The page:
anthropocentric ethics

Anthropocentric Ethics – In Ancient & Modern Perspective The author/composer/poet/community which produced the text we know of as Genesis 1 observed many things. Just one of these is the uniqueness of humans in relation to our environment. Day and night, earth and sky, sea and land, vegetation, and fruits, creatures great and tiny, both in… Continue reading anthropocentric ethics

flew’s brain still works

{***EDIT: The review discussed below – allegedly by Antony Flew of ‘The God Delusion’ by Richard Dawkins – is of uncertain origins.  I’m awaiting an email response to clarify the source.  Discerning how much Flew’s age is affecting his critical thinking is a difficult thing.  Poor memory doesn’t – automatically – mean poor logical thought. … Continue reading flew’s brain still works

pain bears a message

This post over at ‘Just Thomism‘ is short, sweet and very thought-provoking. I’m thankful for pain. Not generally at the moment I experience it, but when I think about it, yes I’m glad (for example) that my body tells me when I’m burning my hand on the stove-top. It’s a painful message that my body… Continue reading pain bears a message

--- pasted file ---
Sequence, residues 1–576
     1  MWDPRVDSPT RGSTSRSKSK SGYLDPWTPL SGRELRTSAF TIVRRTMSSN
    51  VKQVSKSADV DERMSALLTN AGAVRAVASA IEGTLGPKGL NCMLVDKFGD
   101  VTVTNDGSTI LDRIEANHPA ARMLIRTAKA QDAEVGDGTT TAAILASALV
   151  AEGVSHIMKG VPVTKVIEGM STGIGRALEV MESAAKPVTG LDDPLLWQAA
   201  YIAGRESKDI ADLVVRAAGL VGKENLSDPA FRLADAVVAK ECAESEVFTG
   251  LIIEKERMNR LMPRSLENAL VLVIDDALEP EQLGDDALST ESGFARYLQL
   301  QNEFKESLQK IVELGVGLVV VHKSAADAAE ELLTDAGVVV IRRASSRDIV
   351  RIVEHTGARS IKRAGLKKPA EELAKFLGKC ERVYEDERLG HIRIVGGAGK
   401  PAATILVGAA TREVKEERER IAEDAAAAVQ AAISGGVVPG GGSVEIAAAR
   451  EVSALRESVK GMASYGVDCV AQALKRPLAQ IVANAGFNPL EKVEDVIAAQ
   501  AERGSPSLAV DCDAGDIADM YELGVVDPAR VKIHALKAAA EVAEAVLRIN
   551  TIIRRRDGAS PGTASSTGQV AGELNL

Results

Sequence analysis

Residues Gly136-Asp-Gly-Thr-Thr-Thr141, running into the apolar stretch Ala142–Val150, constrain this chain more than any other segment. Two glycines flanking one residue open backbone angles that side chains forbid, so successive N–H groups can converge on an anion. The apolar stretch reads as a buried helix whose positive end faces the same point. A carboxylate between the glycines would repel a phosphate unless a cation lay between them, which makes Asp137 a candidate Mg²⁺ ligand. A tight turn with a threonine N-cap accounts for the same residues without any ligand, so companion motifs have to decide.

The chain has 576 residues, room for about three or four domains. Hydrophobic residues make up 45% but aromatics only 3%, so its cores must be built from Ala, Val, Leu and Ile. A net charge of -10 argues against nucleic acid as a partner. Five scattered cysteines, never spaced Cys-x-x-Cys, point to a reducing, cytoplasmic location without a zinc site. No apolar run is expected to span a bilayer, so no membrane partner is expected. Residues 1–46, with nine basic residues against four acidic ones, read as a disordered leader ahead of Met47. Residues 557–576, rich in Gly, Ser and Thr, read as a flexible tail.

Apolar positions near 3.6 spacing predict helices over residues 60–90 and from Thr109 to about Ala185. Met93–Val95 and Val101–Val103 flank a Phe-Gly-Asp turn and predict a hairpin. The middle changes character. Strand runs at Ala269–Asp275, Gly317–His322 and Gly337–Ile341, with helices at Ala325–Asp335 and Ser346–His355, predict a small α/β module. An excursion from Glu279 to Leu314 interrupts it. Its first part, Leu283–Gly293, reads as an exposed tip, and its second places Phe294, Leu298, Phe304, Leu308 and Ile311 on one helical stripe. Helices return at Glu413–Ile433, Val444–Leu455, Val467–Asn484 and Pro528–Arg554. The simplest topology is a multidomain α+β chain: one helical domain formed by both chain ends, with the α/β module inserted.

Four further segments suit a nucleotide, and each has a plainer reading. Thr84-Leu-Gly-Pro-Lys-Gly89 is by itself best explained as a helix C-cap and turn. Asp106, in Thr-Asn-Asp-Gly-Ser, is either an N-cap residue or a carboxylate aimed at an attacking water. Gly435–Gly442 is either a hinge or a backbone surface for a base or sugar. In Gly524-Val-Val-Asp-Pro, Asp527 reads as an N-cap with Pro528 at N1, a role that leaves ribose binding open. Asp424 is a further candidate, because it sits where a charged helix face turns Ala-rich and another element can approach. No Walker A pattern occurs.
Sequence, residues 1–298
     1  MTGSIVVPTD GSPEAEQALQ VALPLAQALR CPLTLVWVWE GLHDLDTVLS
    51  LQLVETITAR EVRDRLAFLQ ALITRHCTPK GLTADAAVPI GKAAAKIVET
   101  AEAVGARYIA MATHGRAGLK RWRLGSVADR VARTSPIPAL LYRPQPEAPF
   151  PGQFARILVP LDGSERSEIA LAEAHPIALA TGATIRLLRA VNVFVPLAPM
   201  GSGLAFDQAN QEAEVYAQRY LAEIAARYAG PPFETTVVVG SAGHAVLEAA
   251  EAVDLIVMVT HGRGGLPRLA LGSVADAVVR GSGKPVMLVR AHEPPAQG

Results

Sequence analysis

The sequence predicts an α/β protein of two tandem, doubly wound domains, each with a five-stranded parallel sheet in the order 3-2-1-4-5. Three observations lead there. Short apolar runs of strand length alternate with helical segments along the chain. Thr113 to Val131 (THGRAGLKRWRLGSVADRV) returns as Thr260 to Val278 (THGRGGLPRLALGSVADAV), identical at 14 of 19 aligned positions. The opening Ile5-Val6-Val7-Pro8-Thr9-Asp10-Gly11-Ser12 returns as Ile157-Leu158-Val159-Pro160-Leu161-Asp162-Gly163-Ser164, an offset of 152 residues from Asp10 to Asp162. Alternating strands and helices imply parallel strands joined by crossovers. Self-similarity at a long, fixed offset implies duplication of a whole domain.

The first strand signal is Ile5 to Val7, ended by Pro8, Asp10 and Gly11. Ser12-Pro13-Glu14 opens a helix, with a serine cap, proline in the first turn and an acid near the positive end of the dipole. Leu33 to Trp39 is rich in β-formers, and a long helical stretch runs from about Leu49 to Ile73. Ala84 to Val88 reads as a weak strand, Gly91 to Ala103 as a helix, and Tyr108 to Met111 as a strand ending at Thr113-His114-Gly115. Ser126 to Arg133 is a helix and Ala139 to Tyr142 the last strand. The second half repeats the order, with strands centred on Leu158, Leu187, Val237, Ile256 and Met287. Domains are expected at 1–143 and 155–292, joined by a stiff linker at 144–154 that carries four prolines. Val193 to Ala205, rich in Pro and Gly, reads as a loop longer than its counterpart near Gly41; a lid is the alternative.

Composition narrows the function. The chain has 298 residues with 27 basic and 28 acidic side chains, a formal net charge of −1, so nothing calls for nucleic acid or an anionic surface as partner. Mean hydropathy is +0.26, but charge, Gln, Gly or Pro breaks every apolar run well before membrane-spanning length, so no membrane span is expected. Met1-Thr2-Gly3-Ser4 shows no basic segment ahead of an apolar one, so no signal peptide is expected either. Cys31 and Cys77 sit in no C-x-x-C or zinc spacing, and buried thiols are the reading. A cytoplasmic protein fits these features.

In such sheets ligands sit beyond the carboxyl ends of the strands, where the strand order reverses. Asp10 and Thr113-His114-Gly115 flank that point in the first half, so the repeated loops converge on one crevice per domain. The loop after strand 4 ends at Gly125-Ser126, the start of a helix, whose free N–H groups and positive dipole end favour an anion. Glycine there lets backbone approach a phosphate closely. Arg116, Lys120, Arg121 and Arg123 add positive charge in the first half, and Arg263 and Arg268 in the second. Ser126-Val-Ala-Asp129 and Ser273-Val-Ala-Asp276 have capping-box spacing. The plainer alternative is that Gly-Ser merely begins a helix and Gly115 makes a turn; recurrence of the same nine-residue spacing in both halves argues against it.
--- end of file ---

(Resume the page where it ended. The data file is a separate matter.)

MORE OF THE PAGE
gould: science a natural venture

Here Gould threatens a ‘knuckle-rapping’ to both theists and atheists who would try to use science (in general) or the theory of evolution by natural selection (in particular) to butress their worldview. People familiar with Gould will detect the scent of N.O.M.A. (Nonoverlapping Magesteria – don’t ask me why it’s not N.M. or N.O.M.) in… Continue reading gould: science a natural venture

is anything significant?

This question (‘Is anything significant?’) can be fleshed out a bit… We could ask, “Is everything equally in-significant?”, or we could ask, “Is everything equally highly-significant?” What makes something (an event or object [which can quite rightly be said to be ‘events’ in themselves]) significant, and another thing not so?